Tasting Victory by Gerard Basset

I was long overdue with writing a short summary of my thoughts about Gerard Basset’s posthumous autobiography Tasting Victory, yet watching a part of the Best Sommelier of Russia 2020 yesterday as YouTube live stream reminded me that I owe it to one of the greatest wine professionals. 


Mr. Basset, likely the most known sommelier of all times, holder of both Master of Wine and Master Sommelier titles, the winner of the Best Sommelier of the World and multiple winner of the Best Sommelier in the UK, was a humble but determined Frenchman, who moved to Britain in his youth, accepted his new homeland and embraced his wine profession, and strived to become best in business, in service and in competition. While I initially hoped that the book would have a bit on his wine knowledge and wine travels, like Kermit Lynch or Neil Rosenthal s books are – well, it has none of that. This is a book of determination and achievement, of setting targets and milestones to get there, be it wine or something else. No stories of fraternizing with top Burgundy vignerons, or getting drunk with Gianfranco Soldera. Sadly. 


Yet, the Russian competition yesterday and its panel of top contenders, all three already retired from the actual sommelier work, forced me to put a quote here. Here it goes, from the man himself, and not me.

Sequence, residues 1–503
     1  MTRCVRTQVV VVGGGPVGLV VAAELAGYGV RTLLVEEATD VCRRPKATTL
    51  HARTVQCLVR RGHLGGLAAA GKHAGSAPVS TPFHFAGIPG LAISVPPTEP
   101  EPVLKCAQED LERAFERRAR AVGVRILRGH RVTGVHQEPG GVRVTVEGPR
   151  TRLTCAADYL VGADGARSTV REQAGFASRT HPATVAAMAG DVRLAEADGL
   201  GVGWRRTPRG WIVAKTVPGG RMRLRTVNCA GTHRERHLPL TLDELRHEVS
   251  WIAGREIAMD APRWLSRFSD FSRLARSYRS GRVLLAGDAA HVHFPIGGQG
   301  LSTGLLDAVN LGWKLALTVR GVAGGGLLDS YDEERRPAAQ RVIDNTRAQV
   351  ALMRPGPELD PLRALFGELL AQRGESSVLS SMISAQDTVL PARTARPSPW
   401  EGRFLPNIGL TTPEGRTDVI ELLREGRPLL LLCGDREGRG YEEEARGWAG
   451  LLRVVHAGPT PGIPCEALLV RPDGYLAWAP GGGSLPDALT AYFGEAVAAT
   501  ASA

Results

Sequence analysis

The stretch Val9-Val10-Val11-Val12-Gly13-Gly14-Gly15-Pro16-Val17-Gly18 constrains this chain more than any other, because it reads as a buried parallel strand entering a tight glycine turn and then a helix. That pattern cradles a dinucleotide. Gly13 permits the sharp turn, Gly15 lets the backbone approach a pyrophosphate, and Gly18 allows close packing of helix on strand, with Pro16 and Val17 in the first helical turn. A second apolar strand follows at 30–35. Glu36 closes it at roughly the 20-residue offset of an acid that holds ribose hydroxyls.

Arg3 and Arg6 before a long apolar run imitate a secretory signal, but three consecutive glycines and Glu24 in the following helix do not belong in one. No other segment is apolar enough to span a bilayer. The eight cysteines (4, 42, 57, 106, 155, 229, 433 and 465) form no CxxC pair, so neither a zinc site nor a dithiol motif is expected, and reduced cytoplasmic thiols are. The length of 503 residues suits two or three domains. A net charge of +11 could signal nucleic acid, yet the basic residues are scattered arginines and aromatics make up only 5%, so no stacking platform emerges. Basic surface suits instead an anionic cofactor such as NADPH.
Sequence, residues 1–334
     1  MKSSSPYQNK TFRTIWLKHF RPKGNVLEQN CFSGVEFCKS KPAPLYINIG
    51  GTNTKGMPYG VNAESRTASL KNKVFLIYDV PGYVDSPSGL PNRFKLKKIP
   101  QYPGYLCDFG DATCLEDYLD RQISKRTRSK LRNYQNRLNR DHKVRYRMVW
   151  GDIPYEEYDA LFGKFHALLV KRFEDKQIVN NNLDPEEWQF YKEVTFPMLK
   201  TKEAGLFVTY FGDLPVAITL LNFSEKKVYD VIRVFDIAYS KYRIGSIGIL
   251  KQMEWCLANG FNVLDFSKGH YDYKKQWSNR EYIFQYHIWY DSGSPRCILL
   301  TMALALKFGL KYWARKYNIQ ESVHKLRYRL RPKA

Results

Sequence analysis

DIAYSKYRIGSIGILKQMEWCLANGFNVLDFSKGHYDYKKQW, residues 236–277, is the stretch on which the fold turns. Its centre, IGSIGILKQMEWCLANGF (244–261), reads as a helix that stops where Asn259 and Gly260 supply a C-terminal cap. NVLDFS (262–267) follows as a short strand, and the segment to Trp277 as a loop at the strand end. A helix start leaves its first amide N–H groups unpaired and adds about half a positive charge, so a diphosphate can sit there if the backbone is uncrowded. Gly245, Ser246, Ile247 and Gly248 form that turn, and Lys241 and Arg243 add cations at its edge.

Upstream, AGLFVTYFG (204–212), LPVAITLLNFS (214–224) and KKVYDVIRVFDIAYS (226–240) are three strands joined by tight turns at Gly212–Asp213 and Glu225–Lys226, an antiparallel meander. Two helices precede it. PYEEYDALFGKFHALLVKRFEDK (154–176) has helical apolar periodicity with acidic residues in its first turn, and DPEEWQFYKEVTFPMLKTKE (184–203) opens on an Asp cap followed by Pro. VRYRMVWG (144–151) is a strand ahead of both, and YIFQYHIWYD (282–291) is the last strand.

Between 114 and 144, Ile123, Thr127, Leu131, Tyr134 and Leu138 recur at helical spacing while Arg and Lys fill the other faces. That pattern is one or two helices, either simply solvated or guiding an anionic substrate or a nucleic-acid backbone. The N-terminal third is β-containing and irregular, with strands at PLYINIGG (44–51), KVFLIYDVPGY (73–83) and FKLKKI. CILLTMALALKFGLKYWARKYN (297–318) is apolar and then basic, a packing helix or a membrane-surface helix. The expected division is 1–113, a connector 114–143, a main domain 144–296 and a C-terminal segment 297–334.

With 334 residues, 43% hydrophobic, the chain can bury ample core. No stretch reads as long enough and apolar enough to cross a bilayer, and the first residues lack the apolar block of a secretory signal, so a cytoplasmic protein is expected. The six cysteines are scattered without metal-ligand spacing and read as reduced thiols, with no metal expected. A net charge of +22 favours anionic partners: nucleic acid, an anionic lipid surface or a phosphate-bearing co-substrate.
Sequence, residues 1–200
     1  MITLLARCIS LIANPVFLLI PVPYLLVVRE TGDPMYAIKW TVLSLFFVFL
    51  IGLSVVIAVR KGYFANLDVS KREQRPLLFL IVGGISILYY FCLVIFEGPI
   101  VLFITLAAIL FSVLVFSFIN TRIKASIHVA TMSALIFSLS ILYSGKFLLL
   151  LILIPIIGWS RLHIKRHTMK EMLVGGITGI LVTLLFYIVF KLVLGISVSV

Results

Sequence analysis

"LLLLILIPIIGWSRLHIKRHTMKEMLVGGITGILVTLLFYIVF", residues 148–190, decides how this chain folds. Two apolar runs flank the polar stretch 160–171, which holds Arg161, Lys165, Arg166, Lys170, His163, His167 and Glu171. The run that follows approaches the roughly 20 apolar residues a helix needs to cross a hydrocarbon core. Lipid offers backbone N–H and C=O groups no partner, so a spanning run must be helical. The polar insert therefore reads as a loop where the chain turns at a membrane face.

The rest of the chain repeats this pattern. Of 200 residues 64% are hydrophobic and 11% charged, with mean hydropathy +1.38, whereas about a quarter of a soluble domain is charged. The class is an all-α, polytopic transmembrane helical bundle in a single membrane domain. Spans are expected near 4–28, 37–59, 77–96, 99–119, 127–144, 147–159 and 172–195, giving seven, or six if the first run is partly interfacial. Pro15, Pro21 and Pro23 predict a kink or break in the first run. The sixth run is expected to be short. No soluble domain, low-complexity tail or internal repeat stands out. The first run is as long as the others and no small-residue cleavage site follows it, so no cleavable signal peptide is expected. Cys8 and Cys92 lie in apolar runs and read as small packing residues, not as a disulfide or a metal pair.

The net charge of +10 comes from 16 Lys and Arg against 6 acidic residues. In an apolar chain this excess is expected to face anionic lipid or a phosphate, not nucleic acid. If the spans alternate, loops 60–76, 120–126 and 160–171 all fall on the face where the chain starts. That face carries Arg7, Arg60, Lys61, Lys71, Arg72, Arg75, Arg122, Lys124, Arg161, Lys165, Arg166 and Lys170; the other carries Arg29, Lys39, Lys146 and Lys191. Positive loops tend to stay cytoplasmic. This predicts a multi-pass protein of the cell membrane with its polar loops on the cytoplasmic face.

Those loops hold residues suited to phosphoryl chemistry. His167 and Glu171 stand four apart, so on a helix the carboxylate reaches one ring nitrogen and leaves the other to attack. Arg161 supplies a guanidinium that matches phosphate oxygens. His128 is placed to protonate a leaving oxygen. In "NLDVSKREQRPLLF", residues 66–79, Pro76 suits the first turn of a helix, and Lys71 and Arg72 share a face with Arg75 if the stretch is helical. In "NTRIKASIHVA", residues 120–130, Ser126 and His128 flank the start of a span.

Following the test, I talked a lot with Nina, and in her very rational manner she reassured me about my sommelier ability. We came up with the idea that for the last two months I would work “on the floor” at TerraVina and be the sommelier. From the opening of Hotel TerraVina I had always been involved with the wine service, but rarely fully, as I had some talented sommeliers working for me. Indeed, my role was to greet the guests and work with Nina to supervise the overall service. 


Therefore, I told my two sommeliers, Laura and Laurent, that each evening I would do the wine service at Hotel TerraVina and they would be there just to back me up during very busy periods in a reversal of the roles. It turned out to be a great idea, as I put myself under a lot of pressure. Regular guests wanted to talk to me, but I had to find polite ways to keep the conversations with them short and not get behind, in order to accomplish the wine service with minimum help from Laura and Laurent. On the whole I managed well, and in fact I really enjoyed it. 


In addition, I did two very short stints in top restaurants. Diego Masciaga, the managing director of the three-Michelin-starred Waterside Inn, the restaurant owned by Michel and Alain Roux in Bray, kindly let me spend two days working as a commis sommelier there. I explained to Diego that it was important that I was treated no differently from any of his employees. Those two days were extremely beneficial as I was serving at the top end of fine dining, which I had not done since working at Chewton Glen. 



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